If you're someone who enjoys finding pockets of tranquility among the hustle and bustle of city life, Gesshoji Temple in Matsue is a spot to check out. The grounds are incredibly peaceful, and were frequented by the well known writer Lafcadio Hearn, who lived in the area for a period of time.
The temple is perhaps most well known for the large stone tortoise which Hearn mentioned in some of his writing, describing it as the "monster tortoise of Gesshoji". Legend has it that if you rub the tortoises head you'll be blessed with a long life, but you might need to get up on your tiptoes to reach - its head alone stands about 2 meters off the ground.
Gesshoji Temple is also known as being a prime spot to enjoy the ajisai, or hydrangeas that give the rainy season those beautiful pops of color. If you time your visit right, you'll be able to enjoy them in all their glory. Even if you happen to visit outside the timeframe to enjoy the hydrangeas in bloom, the grounds are still stunning to walk around - there's everything from tall growing bamboo to lotus flowers that dot one of the ponds.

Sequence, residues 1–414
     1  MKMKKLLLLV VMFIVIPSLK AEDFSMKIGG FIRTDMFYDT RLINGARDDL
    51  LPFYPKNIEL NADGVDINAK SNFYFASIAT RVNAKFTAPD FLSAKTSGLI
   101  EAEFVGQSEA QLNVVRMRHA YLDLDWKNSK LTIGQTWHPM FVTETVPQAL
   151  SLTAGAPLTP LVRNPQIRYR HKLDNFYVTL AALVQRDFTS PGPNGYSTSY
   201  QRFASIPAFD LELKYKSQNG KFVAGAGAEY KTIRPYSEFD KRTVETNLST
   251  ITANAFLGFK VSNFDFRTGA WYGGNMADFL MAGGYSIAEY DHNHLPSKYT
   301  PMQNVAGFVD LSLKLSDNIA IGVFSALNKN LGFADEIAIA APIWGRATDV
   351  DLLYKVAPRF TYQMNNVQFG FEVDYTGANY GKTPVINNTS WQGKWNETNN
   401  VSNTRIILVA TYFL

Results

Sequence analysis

One of the most enjoyable things about a visit to Gesshoji Temple is the teahouse. For 400 yen you're able to savor some matcha and wagashi, or traditional Japanese sweets, and soak up the view of the garden that the tea house faces out towards.
If you're an international visitor to Japan, or a foreign resident living here, don't forget to bring your passport or alien registration card when you visit. You get half price off your admission to the temple if you present either of those documents, from 500 yen down to 250 yen. Many of Matsue's tourist attractions have similar advertised discounts for foreign guests, making it a fascinating and cost effective city to explore.
The easiest way to get there is via the Lakeline "loop bus" that departs every 20 minutes from Matsue Station. Gesshoji Temple has a dedicated stop along the route. A one trip ticket on the Lakeline bus is 200 yen, or you can purchase an unlimited daily pass for 500 yen to do more exploring around Matsue.
Was this article helpful?